Technique Distance between the inferior surface of the acromium and the humeral head
Criteria > 7 mm - normal range
< 7 mm - diminished
Comments A shortening of the distance between the inferior surface of the acromium and the humeral head was found to correlate well with rotator cuff tears.
Source: Dr. Carlos Bilreiro and José Saraiva, ESSR 2015.

"The most important image quality criterion for these measurements is to have the patellae centered between the femoral condyles," the authors wrote.

To evaluate lower limb length (relative and absolute), first draw a horizontal tangent line for the superior margin of the femoral head and then measure the length of the femur between that point and the horizontal tangent to the most distal point of the medial femoral condyle, they recommend. Tibial length is measured from the later tangent to the horizontal tangent through the center of the tibial plafond. Total limb length can be determined by measuring the total length from the superior border of the femoral head to the center of the tibial plafond.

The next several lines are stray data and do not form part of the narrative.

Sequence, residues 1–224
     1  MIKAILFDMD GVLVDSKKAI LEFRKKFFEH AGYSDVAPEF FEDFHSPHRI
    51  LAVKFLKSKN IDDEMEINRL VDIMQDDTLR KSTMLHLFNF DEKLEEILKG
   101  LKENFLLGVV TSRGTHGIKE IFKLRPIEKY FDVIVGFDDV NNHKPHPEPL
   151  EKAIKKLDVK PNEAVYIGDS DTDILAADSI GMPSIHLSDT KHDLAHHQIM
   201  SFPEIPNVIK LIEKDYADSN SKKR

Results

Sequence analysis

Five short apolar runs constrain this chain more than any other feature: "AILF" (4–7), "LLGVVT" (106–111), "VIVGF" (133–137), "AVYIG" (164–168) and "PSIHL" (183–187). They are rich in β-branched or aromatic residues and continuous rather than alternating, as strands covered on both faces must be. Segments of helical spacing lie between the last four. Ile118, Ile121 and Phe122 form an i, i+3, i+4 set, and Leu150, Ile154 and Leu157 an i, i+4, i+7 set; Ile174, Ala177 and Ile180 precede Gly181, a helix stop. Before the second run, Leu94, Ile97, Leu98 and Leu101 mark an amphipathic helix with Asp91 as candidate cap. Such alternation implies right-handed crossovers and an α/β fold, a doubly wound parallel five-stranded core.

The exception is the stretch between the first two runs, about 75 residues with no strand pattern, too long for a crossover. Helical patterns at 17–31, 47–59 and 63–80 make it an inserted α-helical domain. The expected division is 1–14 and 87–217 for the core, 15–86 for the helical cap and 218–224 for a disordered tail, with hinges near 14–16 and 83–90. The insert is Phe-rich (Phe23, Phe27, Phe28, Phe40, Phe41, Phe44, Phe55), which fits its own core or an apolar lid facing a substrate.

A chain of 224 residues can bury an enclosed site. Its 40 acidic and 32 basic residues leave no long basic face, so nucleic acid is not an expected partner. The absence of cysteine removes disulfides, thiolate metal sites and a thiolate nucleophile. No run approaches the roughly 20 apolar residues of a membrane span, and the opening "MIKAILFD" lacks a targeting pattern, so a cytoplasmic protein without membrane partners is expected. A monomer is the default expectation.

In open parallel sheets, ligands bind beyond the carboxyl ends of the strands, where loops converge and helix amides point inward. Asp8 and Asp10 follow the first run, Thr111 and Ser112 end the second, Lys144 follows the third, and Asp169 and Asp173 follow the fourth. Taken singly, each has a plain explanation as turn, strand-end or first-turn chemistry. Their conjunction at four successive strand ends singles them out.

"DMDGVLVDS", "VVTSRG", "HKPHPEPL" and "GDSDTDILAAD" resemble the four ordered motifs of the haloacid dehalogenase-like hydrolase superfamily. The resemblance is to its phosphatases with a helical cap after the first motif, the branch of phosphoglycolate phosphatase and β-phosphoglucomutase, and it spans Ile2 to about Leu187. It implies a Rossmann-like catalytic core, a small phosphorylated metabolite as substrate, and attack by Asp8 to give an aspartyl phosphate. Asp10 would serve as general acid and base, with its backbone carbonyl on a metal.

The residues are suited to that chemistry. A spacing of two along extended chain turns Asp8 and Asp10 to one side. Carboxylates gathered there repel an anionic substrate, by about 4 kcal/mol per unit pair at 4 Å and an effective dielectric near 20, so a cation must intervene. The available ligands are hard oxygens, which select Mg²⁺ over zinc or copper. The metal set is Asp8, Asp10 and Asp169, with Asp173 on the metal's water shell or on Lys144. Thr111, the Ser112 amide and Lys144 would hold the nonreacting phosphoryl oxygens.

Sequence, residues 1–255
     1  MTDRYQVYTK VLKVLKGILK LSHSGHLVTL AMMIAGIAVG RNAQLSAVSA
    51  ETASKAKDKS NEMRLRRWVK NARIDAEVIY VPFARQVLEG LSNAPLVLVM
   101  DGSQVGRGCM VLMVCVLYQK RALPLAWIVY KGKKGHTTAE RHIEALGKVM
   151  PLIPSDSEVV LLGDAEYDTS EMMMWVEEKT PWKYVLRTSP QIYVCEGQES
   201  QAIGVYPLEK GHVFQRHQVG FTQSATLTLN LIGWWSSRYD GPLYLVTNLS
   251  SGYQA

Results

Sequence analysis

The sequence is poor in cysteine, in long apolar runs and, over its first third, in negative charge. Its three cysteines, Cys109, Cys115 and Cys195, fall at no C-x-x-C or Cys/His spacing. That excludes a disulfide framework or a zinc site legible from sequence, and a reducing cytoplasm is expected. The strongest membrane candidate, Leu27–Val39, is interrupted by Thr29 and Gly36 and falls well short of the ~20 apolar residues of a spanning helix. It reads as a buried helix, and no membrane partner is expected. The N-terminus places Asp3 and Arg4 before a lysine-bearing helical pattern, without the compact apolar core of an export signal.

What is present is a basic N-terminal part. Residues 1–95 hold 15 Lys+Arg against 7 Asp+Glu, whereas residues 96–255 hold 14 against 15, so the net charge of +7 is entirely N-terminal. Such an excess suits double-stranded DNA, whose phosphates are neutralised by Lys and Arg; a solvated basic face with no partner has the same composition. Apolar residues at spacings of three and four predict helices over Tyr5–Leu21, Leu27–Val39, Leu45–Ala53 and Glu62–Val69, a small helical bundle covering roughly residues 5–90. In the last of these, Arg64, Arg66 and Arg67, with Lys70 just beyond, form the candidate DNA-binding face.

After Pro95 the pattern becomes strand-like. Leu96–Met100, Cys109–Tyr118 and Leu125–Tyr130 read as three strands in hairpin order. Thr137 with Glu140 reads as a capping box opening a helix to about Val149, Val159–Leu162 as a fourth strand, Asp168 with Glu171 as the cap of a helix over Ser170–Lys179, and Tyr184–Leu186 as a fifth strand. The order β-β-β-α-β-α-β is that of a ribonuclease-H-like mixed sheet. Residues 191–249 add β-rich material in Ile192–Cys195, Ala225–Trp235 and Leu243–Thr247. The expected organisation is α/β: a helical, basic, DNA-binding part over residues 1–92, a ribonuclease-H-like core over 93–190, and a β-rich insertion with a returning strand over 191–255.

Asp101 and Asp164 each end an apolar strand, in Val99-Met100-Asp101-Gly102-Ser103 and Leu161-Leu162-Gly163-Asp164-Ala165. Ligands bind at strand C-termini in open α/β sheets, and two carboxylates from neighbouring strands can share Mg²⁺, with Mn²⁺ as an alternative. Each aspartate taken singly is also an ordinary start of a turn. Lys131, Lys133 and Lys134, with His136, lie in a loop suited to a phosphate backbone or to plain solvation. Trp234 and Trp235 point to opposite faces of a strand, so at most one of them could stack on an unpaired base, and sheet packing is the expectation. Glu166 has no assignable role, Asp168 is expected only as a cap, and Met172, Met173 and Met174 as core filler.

Anteroposterior pelvic or hip and femur radiographs are used to evaluate hip alignment and the important aspect is the angle formed by the longitudinal axes of the neck and shaft of the femur, according to Bilreiro and Saraiva.

Elbow, cubital angle (humerus-elbow-wrist angle of Oppenheim)
Projection AP radiograph of the arm with the elbow in full extension and supination
Purpose Diagnosing cubitus varus/valgus
Technique Angle between the humerus and the forearm axes
Criteria < 5° - cubitus varus
> 15° - cubitus valgus
Comments Also known as the elbow carrying angle, is normally slightly valgus, preventing the forearm from hitting the legs when walking.